Avoiding Major Public Speaking Mistakes
‘Mind reading from facial expressions'
When I first began speaking to audiences I was extremely sensitive to the way audience members looked. During the presentation I would try to read their mood.
- Were they frowning?
- Did they have blank expressions?
- Did this mean they were hostile?
If no-one was smiling this would really bother me. If one person appeared more friendly than the rest I would focus on them during my talk, to the exclusion of the others.
On one occasion I was conducting a two day workshop to about forty people. There was a particular woman in the front row who continuously frowned at me and even occasionally shook her head!
I began to try and blank her out of my vision and was relieved that she didn’t ask any questions. At the end of the two days as I was saying my goodbyes and packing to leave she approached me. ‘Here we go' I thought. I was amazed when she told me how much she enjoyed my presentations and that she had loved the training and couldn’t believe how much she had got out of it!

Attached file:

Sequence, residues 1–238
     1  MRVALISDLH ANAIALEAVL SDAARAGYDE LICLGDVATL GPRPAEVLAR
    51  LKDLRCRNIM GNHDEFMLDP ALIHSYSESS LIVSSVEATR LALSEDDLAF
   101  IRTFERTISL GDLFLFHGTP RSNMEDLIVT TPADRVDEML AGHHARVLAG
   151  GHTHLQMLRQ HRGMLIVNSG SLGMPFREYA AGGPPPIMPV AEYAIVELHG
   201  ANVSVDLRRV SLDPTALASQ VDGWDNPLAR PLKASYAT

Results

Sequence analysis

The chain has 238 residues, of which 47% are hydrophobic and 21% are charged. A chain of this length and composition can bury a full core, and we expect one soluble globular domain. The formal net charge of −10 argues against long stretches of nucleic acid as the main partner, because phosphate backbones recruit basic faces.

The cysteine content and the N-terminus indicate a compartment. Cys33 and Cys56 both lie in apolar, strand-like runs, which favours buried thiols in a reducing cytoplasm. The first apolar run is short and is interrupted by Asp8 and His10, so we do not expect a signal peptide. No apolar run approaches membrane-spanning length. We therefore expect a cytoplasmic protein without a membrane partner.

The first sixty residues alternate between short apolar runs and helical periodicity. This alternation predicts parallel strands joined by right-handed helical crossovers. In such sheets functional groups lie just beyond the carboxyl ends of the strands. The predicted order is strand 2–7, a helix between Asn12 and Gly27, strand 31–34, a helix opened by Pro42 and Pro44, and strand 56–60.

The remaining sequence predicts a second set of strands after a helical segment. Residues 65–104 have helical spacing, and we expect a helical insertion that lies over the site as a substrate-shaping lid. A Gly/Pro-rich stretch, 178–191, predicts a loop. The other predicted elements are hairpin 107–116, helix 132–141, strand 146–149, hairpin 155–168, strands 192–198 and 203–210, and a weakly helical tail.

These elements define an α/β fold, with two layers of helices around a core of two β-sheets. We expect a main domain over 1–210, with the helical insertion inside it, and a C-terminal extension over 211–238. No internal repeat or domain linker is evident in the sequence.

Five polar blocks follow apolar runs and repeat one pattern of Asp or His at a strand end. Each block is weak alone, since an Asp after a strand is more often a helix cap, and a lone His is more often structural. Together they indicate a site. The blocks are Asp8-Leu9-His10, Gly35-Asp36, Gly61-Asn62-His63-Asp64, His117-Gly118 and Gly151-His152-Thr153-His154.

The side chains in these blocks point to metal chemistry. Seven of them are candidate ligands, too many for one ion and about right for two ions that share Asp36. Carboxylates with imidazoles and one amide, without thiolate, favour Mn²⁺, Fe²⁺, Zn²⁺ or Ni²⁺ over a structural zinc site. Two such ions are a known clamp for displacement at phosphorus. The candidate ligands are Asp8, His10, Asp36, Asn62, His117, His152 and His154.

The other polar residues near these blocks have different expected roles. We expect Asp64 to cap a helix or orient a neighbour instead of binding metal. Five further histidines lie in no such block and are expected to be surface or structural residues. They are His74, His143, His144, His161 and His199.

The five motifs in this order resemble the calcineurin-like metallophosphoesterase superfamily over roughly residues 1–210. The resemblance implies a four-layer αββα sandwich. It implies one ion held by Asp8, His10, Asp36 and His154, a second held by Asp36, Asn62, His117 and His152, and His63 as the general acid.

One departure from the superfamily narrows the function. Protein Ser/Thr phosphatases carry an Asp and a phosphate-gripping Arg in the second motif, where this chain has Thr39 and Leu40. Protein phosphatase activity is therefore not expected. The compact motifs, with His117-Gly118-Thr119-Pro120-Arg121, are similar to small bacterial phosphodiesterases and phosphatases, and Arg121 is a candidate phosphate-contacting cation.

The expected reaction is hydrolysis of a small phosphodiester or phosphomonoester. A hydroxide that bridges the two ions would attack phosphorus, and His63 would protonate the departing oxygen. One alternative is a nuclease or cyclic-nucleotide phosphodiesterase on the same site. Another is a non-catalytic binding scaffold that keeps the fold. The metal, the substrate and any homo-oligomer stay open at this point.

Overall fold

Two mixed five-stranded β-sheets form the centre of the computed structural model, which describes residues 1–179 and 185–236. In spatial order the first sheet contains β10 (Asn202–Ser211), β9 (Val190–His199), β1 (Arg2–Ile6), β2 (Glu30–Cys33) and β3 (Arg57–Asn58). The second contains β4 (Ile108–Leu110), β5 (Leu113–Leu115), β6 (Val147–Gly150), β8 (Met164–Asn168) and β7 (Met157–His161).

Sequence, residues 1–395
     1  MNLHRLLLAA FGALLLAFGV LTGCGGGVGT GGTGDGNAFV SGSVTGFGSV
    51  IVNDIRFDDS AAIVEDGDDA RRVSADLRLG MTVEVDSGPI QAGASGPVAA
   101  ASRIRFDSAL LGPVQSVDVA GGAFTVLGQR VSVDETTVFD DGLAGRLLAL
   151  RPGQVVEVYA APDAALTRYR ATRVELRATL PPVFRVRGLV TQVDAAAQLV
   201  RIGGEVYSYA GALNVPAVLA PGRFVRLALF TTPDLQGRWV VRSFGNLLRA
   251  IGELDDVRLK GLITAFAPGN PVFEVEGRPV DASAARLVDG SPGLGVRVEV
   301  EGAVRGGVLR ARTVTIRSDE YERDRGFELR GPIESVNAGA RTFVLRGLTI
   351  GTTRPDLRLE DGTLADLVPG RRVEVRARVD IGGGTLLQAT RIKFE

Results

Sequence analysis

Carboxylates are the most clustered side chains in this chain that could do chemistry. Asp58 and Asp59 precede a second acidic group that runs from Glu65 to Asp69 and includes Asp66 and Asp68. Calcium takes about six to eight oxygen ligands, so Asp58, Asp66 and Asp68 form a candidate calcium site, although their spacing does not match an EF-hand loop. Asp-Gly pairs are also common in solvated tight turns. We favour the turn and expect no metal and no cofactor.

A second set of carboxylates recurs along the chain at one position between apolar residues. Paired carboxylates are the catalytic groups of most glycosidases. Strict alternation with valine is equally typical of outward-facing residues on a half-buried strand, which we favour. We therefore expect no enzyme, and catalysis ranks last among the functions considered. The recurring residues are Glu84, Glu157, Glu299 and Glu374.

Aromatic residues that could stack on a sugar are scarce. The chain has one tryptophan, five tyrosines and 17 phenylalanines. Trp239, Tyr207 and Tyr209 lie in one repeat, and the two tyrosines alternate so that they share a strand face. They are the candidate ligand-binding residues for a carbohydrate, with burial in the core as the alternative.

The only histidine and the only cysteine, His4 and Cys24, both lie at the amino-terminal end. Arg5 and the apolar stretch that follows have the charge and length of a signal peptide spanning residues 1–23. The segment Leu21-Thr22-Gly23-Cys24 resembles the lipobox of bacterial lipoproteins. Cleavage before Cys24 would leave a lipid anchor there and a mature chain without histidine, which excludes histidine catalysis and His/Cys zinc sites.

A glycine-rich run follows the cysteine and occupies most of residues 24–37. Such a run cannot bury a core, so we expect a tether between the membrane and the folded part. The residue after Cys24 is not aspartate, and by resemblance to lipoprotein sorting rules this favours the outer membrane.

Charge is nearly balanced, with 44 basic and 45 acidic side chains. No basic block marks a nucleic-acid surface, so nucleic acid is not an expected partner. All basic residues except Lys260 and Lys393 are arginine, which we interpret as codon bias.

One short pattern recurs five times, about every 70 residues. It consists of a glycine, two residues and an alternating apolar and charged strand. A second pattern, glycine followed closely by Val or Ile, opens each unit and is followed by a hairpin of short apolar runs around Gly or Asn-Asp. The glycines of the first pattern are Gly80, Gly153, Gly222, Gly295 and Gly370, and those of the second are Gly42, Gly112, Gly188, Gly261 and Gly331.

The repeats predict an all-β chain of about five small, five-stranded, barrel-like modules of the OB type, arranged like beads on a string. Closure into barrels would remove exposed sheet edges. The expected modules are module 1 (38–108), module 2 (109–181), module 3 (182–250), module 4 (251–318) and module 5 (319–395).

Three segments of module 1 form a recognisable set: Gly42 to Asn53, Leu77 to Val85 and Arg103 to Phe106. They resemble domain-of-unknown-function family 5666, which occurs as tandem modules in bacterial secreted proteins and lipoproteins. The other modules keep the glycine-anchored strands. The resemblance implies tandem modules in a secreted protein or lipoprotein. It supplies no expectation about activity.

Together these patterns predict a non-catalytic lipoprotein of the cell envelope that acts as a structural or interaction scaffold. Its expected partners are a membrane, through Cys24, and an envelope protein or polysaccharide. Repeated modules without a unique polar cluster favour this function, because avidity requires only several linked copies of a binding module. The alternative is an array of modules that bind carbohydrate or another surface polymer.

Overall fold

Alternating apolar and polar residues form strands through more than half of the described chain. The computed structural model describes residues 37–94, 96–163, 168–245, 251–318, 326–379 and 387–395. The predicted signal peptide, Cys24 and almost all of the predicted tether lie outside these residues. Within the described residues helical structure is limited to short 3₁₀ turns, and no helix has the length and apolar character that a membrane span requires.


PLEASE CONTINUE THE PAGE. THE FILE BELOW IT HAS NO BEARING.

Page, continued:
Ever since, I haven’t tried to guess what my audience is thinking. If I suspect someone is not enjoying it, I approach them and give them a chance to say so. I consider that their responsibility.
As I learned how to relax and enjoy public speaking, my perceptions began to change. What I had seen as hostile, I started to see as nervousness in the audience members. Rather than looking at them to put me at my ease I began to try to put them at their ease.
Next, Dealing with a Difficult Audience
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